There would be hellacious structural loads, but nothing unsolvable with enough money and steel.

If someone wanted that built irl, it could be done.

Source:am engineer.

would eventually meet if it was tall enough, which is my primary concern.

This is all I could find

It seems the sides are parallel.

Actually, people want this kind of stuff built, and it has been done:

This is from a previous post and user u/srappe:

Given a standard 53' trailer:

According to http://www.wbmcguire.com/links/Guides/TruckTrailerGuide.pdf, A 53' trailer has interior dimensions of 47'6" x 98.5" x 107.375" and a capacity of 3,489 cubic feet.

A 24 ct. box of Ramen Noodles has dimensions of 15" x 12" x 12" or a volume of 1.25 cubic feet.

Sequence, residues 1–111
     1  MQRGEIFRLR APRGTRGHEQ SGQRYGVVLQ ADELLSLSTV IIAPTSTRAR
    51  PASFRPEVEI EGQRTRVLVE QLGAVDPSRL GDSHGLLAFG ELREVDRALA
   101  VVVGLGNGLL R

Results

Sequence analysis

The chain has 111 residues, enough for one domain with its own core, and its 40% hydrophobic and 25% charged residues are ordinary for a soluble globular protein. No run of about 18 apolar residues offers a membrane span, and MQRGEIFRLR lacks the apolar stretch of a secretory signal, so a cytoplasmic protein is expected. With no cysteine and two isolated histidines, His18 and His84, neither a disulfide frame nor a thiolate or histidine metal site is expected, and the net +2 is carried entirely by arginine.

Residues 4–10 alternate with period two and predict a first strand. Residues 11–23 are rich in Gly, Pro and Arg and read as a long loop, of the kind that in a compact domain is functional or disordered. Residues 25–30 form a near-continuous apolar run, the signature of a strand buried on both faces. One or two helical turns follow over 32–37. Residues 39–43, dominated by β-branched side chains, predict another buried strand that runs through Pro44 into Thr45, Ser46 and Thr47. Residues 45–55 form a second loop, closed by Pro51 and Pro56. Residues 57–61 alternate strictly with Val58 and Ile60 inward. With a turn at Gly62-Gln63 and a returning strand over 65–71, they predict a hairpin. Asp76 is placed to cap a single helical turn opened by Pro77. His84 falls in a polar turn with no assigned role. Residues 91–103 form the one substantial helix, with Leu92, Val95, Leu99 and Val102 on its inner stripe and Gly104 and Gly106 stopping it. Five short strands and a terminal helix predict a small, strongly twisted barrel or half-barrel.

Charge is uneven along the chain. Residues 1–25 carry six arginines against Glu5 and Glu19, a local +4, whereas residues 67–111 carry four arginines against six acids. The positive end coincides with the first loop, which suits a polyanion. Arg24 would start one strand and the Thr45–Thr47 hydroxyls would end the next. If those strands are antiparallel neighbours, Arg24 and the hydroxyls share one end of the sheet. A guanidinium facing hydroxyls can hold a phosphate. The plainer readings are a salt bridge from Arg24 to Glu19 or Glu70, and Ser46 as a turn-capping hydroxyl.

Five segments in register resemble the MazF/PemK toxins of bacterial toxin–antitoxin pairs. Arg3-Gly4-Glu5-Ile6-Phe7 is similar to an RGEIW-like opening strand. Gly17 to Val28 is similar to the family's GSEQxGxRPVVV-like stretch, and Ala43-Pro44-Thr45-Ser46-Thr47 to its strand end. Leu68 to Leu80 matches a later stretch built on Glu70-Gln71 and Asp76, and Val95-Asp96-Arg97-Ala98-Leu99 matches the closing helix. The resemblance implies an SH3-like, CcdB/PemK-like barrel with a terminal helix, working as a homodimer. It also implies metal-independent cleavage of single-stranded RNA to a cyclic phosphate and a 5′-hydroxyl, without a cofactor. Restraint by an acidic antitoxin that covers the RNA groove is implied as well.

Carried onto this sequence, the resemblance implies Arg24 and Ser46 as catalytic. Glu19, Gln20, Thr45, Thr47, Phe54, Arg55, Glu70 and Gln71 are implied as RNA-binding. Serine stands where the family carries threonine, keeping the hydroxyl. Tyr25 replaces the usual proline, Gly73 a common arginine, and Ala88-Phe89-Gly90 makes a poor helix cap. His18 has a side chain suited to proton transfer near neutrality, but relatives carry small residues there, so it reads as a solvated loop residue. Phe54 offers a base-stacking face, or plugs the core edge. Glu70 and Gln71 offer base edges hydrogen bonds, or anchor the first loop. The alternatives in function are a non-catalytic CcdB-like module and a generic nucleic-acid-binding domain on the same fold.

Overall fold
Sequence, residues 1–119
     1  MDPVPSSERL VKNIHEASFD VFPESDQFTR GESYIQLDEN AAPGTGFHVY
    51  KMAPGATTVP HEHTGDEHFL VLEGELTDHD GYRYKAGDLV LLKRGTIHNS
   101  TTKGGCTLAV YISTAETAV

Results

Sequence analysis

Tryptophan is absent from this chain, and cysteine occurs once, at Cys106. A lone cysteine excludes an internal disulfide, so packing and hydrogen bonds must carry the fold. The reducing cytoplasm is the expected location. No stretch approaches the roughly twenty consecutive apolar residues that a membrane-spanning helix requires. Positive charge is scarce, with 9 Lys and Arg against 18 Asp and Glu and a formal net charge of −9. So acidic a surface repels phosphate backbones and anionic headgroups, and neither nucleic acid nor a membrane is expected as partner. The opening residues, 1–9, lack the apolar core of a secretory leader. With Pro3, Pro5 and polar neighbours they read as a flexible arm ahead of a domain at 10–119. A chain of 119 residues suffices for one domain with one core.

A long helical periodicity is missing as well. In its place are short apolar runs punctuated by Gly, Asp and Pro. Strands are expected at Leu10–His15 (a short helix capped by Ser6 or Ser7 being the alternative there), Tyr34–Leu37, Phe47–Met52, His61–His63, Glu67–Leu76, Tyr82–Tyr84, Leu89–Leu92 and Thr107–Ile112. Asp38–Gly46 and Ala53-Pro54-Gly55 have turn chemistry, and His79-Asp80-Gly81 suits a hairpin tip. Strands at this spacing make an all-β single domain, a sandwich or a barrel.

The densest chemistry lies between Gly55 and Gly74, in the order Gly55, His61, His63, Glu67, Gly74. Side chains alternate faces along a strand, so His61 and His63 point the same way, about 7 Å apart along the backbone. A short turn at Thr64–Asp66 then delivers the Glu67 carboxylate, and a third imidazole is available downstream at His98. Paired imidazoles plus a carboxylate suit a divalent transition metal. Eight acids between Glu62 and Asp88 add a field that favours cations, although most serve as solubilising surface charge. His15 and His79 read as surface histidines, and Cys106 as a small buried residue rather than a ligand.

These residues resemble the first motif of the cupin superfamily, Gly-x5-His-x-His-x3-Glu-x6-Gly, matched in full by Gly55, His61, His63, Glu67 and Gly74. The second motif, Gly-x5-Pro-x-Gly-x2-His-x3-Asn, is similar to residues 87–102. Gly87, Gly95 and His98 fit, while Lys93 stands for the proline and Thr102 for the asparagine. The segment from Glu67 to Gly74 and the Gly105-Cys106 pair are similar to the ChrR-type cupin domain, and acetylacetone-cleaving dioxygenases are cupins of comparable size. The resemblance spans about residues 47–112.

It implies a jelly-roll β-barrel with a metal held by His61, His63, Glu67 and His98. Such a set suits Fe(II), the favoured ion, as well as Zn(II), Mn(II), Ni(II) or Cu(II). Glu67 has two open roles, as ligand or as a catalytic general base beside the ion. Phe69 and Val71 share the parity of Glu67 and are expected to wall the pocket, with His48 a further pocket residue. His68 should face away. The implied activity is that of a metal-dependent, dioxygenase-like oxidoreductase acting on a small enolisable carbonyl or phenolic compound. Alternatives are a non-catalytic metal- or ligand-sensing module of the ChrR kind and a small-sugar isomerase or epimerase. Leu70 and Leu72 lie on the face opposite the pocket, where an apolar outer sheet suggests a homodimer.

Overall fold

u/Goldencaramel pointed out that I need to take in account for the pallets.

Pallets are 40" x 48" x 5" roughly. If the floor of the trailer has dimensions as listed above, you can fit 14 pallets lengthwise, and 2 width-wise. On the pallet itself, you can stack roughly 3 boxes of Ramen width-wise (40/12 = 3.33), 3 length-wise (48/15 = 3.2), and 4 height wise in order to be able to stack 2 pallets high in the truck (4*12 = 48). This gives the pallet, with the product a height of 53". Given the height of a trailer is 107.375", you can stack two pallets on top of each other with this packing method.

Therefore, you can fit 56 (14 x 2 x 2) pallets, each carrying 36 (3 x 3 x 4) boxes of Ramen into the truck

This means the maximum number of 24 ct. boxes of Ramen you can fit in a 53' trailer with pallets is 2016 (56 x 36)

These boxes sell at ~$12 at my local BJ's which means that the trailer would have a consumer value of about $24,192 (2016 * $12)

Now according to several people, you wouldn't stack pallets containing a product so fragile on top of one another. Also, according to a fellow freight broker, you can only fit 26 pallets in a trailer.